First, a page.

Program Structure

The University of Missouri CMP combines graduate course work, residency training in laboratory animal medicine and research training.

In the first year, trainees perform rotations in veterinary care and investigator support. They also participate in resource management; quarantine and health monitoring; investigator training; protocol review; resource center administration, operation, and management; infectious disease research management; and laboratory animal diagnostics either through dedicated 2-week rotations or as opportunities arise. To gain experience in areas such as primate medicine or industry lab animal medicine, trainees may also perform an elective rotation during their first year. In the second year of the program, trainees rotate through one to three research laboratories, select a lab for their degree program (MS or PhD), and begin research training. The bulk of their time is spent on their research. Each week, approximately 10-15 hours will be committed on top of research to activities designed to hone skills applicable to trainees’ specific career goals. Trainees who pursue a PhD spend 100% of their fourth and fifth years in the laboratory. 

Rounds and Seminars

Trainees take part in clinical, management, pathology and regulatory rounds throughout their residency. Opportunities exist for trainees to participate in AFIP and cytology rounds at the veterinary school as well as to attend other educational seminars on campus, according to interest and as directed by their research mentor. Attending and presenting Comparative Medicine Seminars is ongoing throughout the fellowship experience. 


A resident updates faculty and trainees on her research progress.

Training Reviews

Training reviews are opportunities to meet with the CMP Director and Faculty. Reviews are held biannually and supplement less formal meetings following the completion of each rotation. Residents should come prepared to discuss their progress, goals, and research interests as well as provide feedback on their training experience.

Rodent Reproductive Cryobiology Activities

Structured activities are presented throughout the first year with the aim to provide didactic and hands-on experience in the basic principles of molecular and cryobiology techniques which are routinely used in research rodent colony management. An overview of the Swine and Rodent Resource Centers is also be provided. The trainee learns the basics of colony care and management, participates in reproductive services activities including sperm and embryo collection and cryopreservation, in vitro fertilization and embryo transfer procedures, learns genotyping techniques, and participates in strain reviews for the Mutant Mouse Resource and Research Center.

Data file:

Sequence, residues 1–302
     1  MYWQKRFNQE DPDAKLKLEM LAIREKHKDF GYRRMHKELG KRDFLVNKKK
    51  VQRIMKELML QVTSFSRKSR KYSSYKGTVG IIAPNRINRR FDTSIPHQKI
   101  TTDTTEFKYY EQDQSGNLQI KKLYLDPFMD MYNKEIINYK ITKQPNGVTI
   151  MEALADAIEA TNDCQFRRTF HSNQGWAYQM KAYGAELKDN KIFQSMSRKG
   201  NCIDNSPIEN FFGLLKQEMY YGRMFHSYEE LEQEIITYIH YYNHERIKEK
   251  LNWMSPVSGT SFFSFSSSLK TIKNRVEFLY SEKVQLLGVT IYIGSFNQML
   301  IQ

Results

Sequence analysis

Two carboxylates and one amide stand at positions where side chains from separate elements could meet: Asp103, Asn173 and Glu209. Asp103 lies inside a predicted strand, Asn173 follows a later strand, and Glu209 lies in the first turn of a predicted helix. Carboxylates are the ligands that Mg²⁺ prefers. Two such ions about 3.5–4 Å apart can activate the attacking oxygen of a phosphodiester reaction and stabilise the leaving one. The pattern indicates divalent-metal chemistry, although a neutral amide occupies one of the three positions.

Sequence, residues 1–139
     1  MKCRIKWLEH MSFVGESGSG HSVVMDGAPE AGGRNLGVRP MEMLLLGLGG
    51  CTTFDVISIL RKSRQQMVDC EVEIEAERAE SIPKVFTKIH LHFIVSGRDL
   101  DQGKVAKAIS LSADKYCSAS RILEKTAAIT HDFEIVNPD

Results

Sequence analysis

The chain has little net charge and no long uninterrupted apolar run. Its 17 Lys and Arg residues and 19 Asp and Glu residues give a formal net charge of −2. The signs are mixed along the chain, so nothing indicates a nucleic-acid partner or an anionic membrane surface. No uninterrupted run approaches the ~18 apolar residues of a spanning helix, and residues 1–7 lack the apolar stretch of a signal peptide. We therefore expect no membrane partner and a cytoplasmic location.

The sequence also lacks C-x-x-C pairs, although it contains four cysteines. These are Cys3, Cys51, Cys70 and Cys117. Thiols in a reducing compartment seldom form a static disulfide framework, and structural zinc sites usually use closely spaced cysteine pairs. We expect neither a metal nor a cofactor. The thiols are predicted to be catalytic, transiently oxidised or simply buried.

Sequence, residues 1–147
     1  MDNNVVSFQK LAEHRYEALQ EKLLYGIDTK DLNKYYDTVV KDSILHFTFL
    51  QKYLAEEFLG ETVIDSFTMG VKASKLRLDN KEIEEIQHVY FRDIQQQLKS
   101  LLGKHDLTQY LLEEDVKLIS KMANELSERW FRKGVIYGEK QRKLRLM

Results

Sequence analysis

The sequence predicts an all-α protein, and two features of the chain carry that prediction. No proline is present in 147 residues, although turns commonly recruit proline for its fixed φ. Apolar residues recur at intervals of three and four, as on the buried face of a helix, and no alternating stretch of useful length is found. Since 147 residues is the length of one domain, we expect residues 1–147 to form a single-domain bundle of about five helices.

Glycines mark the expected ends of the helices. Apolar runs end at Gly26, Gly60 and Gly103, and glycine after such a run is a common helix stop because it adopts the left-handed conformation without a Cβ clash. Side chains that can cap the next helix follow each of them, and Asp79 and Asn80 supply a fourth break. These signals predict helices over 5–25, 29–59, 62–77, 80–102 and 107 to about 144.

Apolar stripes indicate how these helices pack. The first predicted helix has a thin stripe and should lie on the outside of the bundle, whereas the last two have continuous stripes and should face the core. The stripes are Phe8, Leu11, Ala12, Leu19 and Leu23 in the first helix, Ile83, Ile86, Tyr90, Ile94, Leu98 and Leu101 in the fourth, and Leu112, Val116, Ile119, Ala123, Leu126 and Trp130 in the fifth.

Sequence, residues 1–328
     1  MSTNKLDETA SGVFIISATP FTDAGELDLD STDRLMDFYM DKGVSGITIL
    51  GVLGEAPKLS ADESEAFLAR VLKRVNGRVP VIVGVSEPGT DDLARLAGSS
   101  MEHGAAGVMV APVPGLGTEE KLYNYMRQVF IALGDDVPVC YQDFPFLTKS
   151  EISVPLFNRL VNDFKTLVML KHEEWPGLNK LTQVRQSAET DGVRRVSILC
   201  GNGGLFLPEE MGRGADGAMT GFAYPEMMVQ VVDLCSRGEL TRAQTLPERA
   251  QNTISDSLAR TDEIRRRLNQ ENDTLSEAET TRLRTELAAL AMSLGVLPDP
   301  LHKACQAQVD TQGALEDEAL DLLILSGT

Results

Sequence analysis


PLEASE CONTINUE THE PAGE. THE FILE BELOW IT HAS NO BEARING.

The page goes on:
Diagnostic Rotation

This 2-week rotation provides an overview of pathology and diagnostic laboratory activities. Trainees perform necropsies, parasitology exams, sectioning of tissues and biopsies for histopathologic examination, and interpretation of results from IDEXX BioAnalytics microbiology, serology and molecular biology laboratories. Biopsies may be submitted throughout the year for which trainees prepare reports and consult with submitting veterinarians, scientists or facility managers. Through this rotation, pathology resources and archived materials, trainees are exposed to a broad range of cases from many species of animals ranging from genetically engineered rodents and transgenic swine to amphibians and reptiles. 

Compliance Activities

The aim is for trainees to develop a working knowledge of animal care and use compliance programs; including protocol review, facility inspections, assisting with investigations of issues of non-compliance and preparing reports to OLAW, AAALAC, or other oversight agencies, development of classroom or online training programs, and providing regular review and editing of ACUC Policies and Guidelines.

Vet Care Rotations